Grade 9 - Food for Thought
Students explore the topic of food through a variety of lenses. Students learn about the origin and dynamics of their local, global, and historical food systems. As students read The Omnivore’s Dilemma, they investigate and discuss food production, healthy food choices, and the differences between local, industrial, organic food systems. In History class, students explore the origins of agriculture through various civilizations. Each student creates a film which details their personal interpretation of how human civilization moved from a society of hunter gatherers to one of farming and agriculture. In Environmental Physics, topics including the use of Geographical Information Systems (GIS) help students interpret data pertaining to different layers of soil and create maps. During fieldwork experiences, students visit local organic and conventional farms to test soil and gather further data. Students learn about energy transformation through the design and construction of solar cookers. The expedition culminates in the 100-Mile Radius fundraising dinner that students plan, prepare, and execute in a week-long intensive class.
Grade 10 - Nature and Society
Students explore the relationship between nature and early European, American, and Native American societies. Students tracex the legacy of “contact” in the 1600s through the Indian Wars, Transcendentalist Movement, and creation of the Reservation system. Place-based learning brings students into the woods for a kick-off immersion which examines the natural world through the lens of different worldviews and reflects on contrasting relationships towards the natural world. Students explore how the ecology of New England changes through contact and how a society evolved. The final product for this expedition is a performance of snapshot plays (also known as “vignettes”). Students create historically accurate vignettes with engaging dialog, compelling characters, and clear themes which pertain to the perspectives of that time. In chemistry class, students research and explore various molecular level properties of chemical substances that changed humanities’ relationship with nature. This case study culminates with a project in which students compose songs or poems about how different materials that have unique and important chemical properties that make them essential to society. Students present their final learning from the expedition in front of an authentic audience which in the past has included middle school students and staff.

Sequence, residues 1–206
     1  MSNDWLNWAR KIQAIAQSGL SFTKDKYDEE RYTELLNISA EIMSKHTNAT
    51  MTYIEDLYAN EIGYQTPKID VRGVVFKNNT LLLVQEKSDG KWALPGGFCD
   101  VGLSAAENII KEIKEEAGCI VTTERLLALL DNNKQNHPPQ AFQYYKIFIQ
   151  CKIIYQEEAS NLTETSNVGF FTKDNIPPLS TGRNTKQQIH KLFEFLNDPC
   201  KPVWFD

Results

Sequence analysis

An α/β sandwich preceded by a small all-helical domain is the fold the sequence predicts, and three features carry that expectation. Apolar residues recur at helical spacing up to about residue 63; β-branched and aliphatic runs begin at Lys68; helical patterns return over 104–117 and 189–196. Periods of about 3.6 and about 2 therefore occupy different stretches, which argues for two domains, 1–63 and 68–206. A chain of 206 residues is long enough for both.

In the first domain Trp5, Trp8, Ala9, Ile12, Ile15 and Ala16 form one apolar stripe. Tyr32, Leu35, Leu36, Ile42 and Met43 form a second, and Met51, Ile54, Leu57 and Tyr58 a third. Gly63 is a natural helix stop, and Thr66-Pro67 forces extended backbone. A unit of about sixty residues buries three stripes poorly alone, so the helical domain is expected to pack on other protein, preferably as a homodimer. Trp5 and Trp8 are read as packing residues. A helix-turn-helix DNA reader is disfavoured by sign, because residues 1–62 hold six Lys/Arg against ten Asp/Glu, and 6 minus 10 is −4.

Grade 11 - The C.O.D.E.
Race relations, DNA, and African American literature serves as the foundation of the Junior expedition, while workshop opportunities allow students to explore the history of the civil rights movement, cell biology and the human genome project, the eugenics movement, and the Harlem Renaissance. A four day fieldwork experience in New York City provides them the chance to apply their learning. Opportunities afforded by visiting Ellis Island, the Museum of Chinese in America, Harlem, and the Museum of Natural History (and even the opportunity of navigating through a diverse and modern city) enlighten the learning that takes place in our classrooms throughout the semester. In being a part of this expedition, we encourage our students to become meaningful and aware citizens, a goal that is fully realized when they are taken out of their comfort zone and into the real world.
Grade 12 - Our Place by the Sea
This expedition involves a year-long curriculum on sustainable development examined through the lens of past, current, and future threats to key marine species. The curriculum introduces students to GIS/GPS science and mapping, along with engaging them in fieldwork visiting current restoration projects and the agencies that lead them. The final product is a model accompanied by geospatial maps of areas along the Atlantic coast, with data specific to restoration projects and key marine species essential to the area’s economy. In addition, a group of students will be engaged in writing and illustrating children’s literature texts which tell stories of herring, eels, and striped bass populations. The texts will accompany students as they develop and deliver instruction to other RI schools. The models and accompanying storybooks will be available to loan to educational institutions in Rhode Island. Fieldwork for this expedition includes an immersion camping on Block Island, visits to New Bedford and the New Bedford Whaling Museum, the port of Galilee and the town of Narragansett, a cruise on Newport Harbor, and various learning experiences in and around Narragansett Bay.